Debt and risk sharing schemes

Debt and risk sharing schemes aim to reduce the risk for lenders/ investors in order to facilitate access to external finance for innovative firms. They include government subsidized loans and credit guarantees.
 
Credit guarantee schemes can facilitate access to finance for firms with a higher risk profile by limiting the loss that a bank faces if the firm defaults. They can help address lack of access to finance for young innovative firms that lack collateral and/or credit histories to gain access to capital. Governments typically partially insure banks losses on the loans covered by the guarantee, but leave it to banks to decide which loans to give, taking, thereby, advantage of their credit assessment expertise. 
 
However, credit guarantee schemes raise several challenges. They need to be designed carefully to minimize potential misalignments of incentives, since otherwise they can incentivize banks to be less careful when selecting what companies to fund. While funding higher-risk loans may be the intended aim of the policy, governments sometimes have little control on whether the “wrong type” of risky companies is being selected (i.e., low productivity firms close to bankruptcy rather than risky innovative firms), as well as on the level of effort banks put into monitoring them (and collecting in case of financial distress). A higher share of the loan guaranteed by public institutions might allow more constrained borrowers who lack collateral to get more external financing, but it might have a negative impact on lenders’ screening and monitoring efforts. As a result, credit loan guarantees may increase the number of borrowers who receive finance, but may also raise the bankruptcy rate among those who did not receive the guarantee, both because of greater adverse selection and moral hazard.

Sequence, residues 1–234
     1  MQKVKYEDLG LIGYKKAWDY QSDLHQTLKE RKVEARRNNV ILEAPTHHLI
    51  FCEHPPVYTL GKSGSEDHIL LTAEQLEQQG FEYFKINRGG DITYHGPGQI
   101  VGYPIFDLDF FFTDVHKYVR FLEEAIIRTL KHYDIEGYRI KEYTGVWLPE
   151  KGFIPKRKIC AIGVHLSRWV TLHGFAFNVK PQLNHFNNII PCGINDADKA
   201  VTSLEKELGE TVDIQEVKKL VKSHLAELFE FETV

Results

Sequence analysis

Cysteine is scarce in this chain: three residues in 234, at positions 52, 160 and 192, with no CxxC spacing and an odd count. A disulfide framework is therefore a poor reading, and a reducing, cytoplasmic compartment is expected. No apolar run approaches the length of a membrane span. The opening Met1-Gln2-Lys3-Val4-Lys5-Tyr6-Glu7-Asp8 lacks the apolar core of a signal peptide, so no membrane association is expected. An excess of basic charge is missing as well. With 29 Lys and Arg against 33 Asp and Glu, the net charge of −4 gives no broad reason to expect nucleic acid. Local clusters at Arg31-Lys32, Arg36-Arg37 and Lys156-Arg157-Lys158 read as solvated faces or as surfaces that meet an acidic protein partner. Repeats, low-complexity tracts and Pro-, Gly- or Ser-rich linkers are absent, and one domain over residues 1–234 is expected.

Evidence on the effectiveness of these widely used programmes is scarce and mixed. Evaluations have mainly focused on “additionality”, that is, the extent to which the programmes have benefited firms that would not otherwise have been able to obtain loans, and on the level of default.
 
Alternatively, public policy can support debt financing by providing direct lending provision through a government-owned bank. This provides greater control than credit guarantee schemes. However, insufficient expertise, soft budget constraints and political objectives can lead to poor credit cultures without sufficient discipline, and substantial administrative costs. 
 

 

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